Ben Kingsley stars in a thriller set on the renowned train that connects Beijing and Moscow. Not quite of the Hercule Poirot crime-classic genre, but there’s suspense aplenty. Wednesday, 9.30pm, Movie Extra.
The Brit comic actor and his chef mate want to open a pub. Be prepared for brewers behaving badly. Thursday, 7.30pm, BBC Knowledge. Susan Kurosawa
WHAT IN THE WORLD
huge bodies and oozing pink secretions that acted like suncream.
But above all, by their sheer size and numbers, it was the elephants that dominated this kingdom.
On our way back to the lodge Albert suggested we cast our lines into the Zambezi at a couple of his favourite spots for tigerfish. Africa’s tigerfish are fierce freshwater carnivores and game fishermen from all around the world come to catch them. They’re known for putting up a fight, although I was told they are bony and don’t make good eating. I grew up fishing in north Queensland but I was no fisherman and neither was Andy. It had been a long time since I had cast a line in the water. What the heck, I thought. We cast our lines behind the boat near the long reeds, reeling in slowly as he instructed us.
‘‘ If you get a bite, reel in fast,’’ Albert said. ‘‘ Then he will fight you.’’ The midday sun burned fiercely down on us, its rays reflecting off the water. The tigers weren’t biting.
‘‘ I’ve had enough,’’ I announced, impatient as always. ‘‘ Just a little longer,’’ Albert insisted. ‘‘ I’ve got one more spot to try.’’
We were almost back at the lodge. I could hear the rapids that rushed past our chalet. With the engine off, Albert let us drift, steering the boat carefully to stay in the deep part of the river. We were drifting fast, the boat bobbing up and down over the rapids as the channel narrowed and the reeds closed in around us.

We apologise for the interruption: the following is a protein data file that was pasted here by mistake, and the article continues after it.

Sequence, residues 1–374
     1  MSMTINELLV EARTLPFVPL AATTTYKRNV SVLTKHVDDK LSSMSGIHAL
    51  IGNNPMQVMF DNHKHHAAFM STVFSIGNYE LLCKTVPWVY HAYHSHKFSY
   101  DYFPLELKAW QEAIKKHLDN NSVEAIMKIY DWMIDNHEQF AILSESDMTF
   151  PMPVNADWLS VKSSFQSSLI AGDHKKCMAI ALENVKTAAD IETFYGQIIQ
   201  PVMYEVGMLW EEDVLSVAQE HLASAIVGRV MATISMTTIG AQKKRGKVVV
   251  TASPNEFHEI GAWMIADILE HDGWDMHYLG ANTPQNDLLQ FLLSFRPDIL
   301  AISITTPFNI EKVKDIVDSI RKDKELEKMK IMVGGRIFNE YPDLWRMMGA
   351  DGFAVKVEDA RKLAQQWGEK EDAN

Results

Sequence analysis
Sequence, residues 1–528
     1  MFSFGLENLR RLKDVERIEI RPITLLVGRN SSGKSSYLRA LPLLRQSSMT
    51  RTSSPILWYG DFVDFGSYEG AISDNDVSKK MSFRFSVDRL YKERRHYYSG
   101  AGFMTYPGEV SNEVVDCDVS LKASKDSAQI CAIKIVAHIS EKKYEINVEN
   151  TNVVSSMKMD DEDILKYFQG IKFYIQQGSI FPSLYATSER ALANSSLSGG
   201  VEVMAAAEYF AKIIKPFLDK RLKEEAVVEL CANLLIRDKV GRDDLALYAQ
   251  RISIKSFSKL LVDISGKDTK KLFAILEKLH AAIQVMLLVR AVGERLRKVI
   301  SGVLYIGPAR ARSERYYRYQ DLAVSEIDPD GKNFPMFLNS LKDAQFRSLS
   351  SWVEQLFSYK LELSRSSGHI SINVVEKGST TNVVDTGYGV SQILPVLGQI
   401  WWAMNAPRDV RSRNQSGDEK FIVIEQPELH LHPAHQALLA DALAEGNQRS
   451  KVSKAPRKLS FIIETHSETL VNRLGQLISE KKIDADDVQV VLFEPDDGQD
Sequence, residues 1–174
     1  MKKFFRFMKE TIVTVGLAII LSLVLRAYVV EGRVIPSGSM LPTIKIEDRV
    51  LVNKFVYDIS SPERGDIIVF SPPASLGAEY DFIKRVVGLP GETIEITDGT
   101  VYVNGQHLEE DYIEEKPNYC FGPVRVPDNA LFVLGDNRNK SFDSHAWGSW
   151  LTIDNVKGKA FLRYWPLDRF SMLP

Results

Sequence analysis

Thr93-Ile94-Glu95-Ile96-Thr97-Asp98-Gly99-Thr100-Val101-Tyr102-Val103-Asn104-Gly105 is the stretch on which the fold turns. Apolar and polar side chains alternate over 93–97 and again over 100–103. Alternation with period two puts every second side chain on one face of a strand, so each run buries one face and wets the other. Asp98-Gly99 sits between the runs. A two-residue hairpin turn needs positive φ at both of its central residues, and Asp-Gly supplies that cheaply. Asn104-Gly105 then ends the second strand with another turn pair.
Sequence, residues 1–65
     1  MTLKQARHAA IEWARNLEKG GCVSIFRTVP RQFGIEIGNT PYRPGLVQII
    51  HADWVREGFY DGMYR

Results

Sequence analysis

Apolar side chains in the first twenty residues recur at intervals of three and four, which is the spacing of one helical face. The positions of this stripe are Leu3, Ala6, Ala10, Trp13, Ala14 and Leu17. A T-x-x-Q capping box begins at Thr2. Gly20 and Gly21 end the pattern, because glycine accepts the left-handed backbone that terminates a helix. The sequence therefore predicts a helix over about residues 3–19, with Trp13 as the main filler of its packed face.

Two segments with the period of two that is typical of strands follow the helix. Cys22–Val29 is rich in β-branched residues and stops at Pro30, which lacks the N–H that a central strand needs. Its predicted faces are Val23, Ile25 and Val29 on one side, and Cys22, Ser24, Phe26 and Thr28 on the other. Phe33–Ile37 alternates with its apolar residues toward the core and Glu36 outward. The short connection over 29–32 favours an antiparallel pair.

Suddenly we bobbed past a family of hippos resting on a sandbank in a break in the reeds, just metres away. Too close. I held my breath, knowing that hippos could charge our small boat quickly and with little provocation. They glanced up with piggy eyes as our boat floated past them. Three slow seconds ticked by and we were out of their sight. Splash. In a delayed response about five seconds later they all bombshelled into the river, led by a spooked baby.
Watching the river with expert eyes, Albert said, ‘‘ Just one more here.’’
He took my rod and cast spectacularly out near the reeds where the rapids started. As the bait hit the water, the reel whirred into life.
‘‘ It’s a tiger,’’ he exclaimed, then passed the rod to me. ‘‘ Here, take it.’’
‘‘ Me? No, you,’’ I protested. But he wouldn’t take no for an answer. I held on to the rod, held it high and reeled in like a madwoman. The fish dragged on the line, pulling it up river. Every time the fish slowed, I reeled fast. When it was close to the boat it leapt out of the water, a flash of silver and red. ‘‘ It’s big,’’ Andy said, reeling his line in so he would be free to help me. The fish pulled away again, determined to put up a good fight. But by now, so was I.
I reeled and reeled and reeled, arching my back to hold on to the rod, ignoring the sweat and suncream pouring into my eyes.
The silvery form of the tiger was right beside the boat. Alfred leaned over the side with a hand net and scooped up the fighting fish. He deftly pulled the hook out of its mouth and held the fish up with both hands. It was beautiful. Black zebra stripes flanked glistening silver metallic skin along its length. The broad, strong tail flashed a magnificent burning red. ‘‘ You want photo?’’ Albert asked. ‘‘ Quick. Get camera.’’
He was about to hand the heavy, slippery 5kg fish to me, but I insisted that he hold it. Andy snapped a picture of our team effort, with me standing beside a grinning Albert holding a 5kg tigerfish, before Albert let it go back into the river. This is an edited extract from by Tammie Matson (Pan Macmillan Australia, $34.99). Susan Kurosawa’s column is on holiday.
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